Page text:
I’m not sure what to make of Black Friday. I suppose it was intended to serve as a “jump start” to the hectic holiday season, which we simultaneously loathe and enjoy.  With stories like the stampede of 200 people into a Long Island Walmart that resulted in the death of a security guard and injury to four others, including a pregnant woman, Black Friday certainly lives up to its name.  I can’t say I was surprised, but even my beloved San Francisco Giants joined the frenzy.  I was however disappointed because they are marketing much more than material goods.  Orange and Black Friday extends now to game day —it’s all about your ticket!

Black Friday brings to light the moral issue of consumerism.  John Paul II said"Christ alone can free man from what enslaves him to evil and selfishness: from the frantic search for material possessions, from the thirst for power and control over others and over things, from the illusion of easy success, from the frenzy of consumerism and hedonism which ultimately destroy the human being." --Homily, March 1, 1998
“I consume, therefore I am” is a popular quote that my students include in their essays about consumerism.  In and of itself, materials goods are not bad.  But when the pursuit for them is at a cost of our personal time, money and resources, we have a problem.  It’s hard to deny it reveals a side of humanity that we all find troubling. 

To a fair degree, I try to be a consumer with a conscience.  I do what I can to get information about the products I purchase, how they are made and spread the word.  I read in one of the hundreds of books on “happiness” that experiences rather than material goods make people happy.  Therefore, I make a concerted effort to put my money toward a sporting event, a concert or an outing of some sort as a gift for family and friends.  With a team like the San Francisco Giants, the choice should seem like no choice at all.
But the Giants challenge my commitment. I know it’s a business and obviously their business model has yielded the kind of results San Franciscans are more than proud of.  But underneath the orange and black veneer is a system that has me scratching my head.  Dynamic Pricing.

According to the Giants website, Dynamic Pricing is understood as “Market pricing applies to all tickets. Rates can fluctuate based on factors affecting supply and demand. Lock in your price and location today!”

What this means is that those games most fans want to attend—against their rivals, on a weekend, or with a great giveaway—are more costly to attend than others.  I took a quick look at what a simple bleacher seat costs under Dynamic Pricing.  Whereas a Monday night game against the Colorado Rockies will cost $18 for a single bleacher seat, a Saturday day game against the Los Angeles Dodgers sells for $50.  $50 for a seat with no back, that isn’t that high off the field.  Thanks to Orange and Black Friday, I had the chance to purchase either ticket today.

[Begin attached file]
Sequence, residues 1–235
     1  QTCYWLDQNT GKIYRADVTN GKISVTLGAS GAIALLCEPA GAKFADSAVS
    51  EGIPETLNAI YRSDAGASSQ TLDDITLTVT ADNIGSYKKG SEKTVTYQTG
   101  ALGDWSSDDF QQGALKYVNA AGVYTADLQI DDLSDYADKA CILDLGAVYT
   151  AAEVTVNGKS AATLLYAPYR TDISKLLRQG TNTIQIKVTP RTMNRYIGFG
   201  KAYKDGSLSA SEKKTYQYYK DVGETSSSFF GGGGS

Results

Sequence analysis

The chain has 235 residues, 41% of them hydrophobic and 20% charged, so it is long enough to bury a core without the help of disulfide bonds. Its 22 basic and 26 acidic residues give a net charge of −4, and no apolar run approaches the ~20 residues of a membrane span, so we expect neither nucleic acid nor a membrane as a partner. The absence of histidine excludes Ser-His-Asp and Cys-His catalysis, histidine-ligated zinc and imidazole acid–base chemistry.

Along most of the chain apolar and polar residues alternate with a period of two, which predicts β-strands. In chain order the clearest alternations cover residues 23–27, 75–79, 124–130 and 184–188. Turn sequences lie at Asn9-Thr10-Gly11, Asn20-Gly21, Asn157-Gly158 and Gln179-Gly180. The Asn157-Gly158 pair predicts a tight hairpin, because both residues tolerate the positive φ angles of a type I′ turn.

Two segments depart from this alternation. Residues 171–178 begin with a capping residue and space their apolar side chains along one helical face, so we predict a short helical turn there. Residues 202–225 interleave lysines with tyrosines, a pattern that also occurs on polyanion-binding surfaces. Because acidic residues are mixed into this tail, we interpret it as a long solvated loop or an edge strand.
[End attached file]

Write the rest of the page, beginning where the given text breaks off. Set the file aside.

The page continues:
But in the same way that Black Friday has reared its ugly head in Walmart, Dynamic Pricing reared its own during the World Series.  On October 15, 2012, KCBS reported that

For the first time, the San Francisco Giants are using a dynamic pricing system for playoff tickets, meaning higher prices for premium seats This is the first postseason that Major League Baseball has approved dynamic pricing for all of its teams. That means instead of a set value, ticket prices fluctuate based on demand.

I now understand why my friend paid $375 FACE VALUE for an upper reserved ticket.  During the regular season, this ticket for a Dodgers game will cost $49 face value.  My friend was able to purchase his ticket through on-line sales run by the Giants; he won the opportunity in a lottery.  And why shouldn’t he be?  It’s the World Series. 
But I found this price to be an abomination.  There was no time for “hate” during the World Series, so I kept quiet about my feelings that ticket prices are in fact a moral issue.  I cannot justify or fathom why it’s okay for a regular fan of “America’s pastime” to pay what is nearly a week’s wages of minimum wage for one ticket.  My coworker left me a copy of his 1962 World Series ticket.  To sit in the a Lower Reserved seat cost $8.  Using the pricing index for such an item, this ticket should cost $87 today. 

I don’t have the answers to Dynamic Pricing or to Black Friday.  Both leave me wondering how it can and should be different.  I’ll start by watching the "Advent Conspiracy"  

Tuesday, November 20, 2012

Thankful for our Veterans: Sources of Inspiration

Who do you look to when you need inspiration?
How might you cope with PTSD?

I hope you never have to answer one of these two questions.  And I’m sure Clemson’s oldest football player, a 24 year-old walk-on football player, Daniel Rodriguez, never thought he would serve as an answer for both.
I came across Rodriguez’s story thanks to a friend who wished to share it on Veteran’s Day.  ESPN’s Daniel Rodriguez: Promise to Play reveals the sacrifices that men and women who serve in the armed forces make.  I am grateful we honor them on the same day of the same month every year.  In a small way, that attribute signifies but an inkling of the honor and dignity our Veterans deserve.